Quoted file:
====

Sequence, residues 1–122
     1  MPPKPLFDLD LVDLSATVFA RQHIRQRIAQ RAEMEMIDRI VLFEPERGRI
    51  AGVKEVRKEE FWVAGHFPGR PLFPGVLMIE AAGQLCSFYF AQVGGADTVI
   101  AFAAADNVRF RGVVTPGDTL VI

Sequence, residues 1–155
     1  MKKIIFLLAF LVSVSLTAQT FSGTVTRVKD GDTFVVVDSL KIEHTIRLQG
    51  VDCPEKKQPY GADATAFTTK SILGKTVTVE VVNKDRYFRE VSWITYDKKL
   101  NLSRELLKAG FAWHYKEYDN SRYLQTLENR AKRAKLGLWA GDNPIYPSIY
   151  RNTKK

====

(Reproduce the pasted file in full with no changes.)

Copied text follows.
Sequence, residues 1–122
     1  MPPKPLFDLD LVDLSATVFA RQHIRQRIAQ RAEMEMIDRI VLFEPERGRI
    51  AGVKEVRKEE FWVAGHFPGR PLFPGVLMIE AAGQLCSFYF AQVGGADTVI
   101  AFAAADNVRF RGVVTPGDTL VI

Sequence, residues 1–155
     1  MKKIIFLLAF LVSVSLTAQT FSGTVTRVKD GDTFVVVDSL KIEHTIRLQG
    51  VDCPEKKQPY GADATAFTTK SILGKTVTVE VVNKDRYFRE VSWITYDKKL
   101  NLSRELLKAG FAWHYKEYDN SRYLQTLENR AKRAKLGLWA GDNPIYPSIY
   151  RNTKK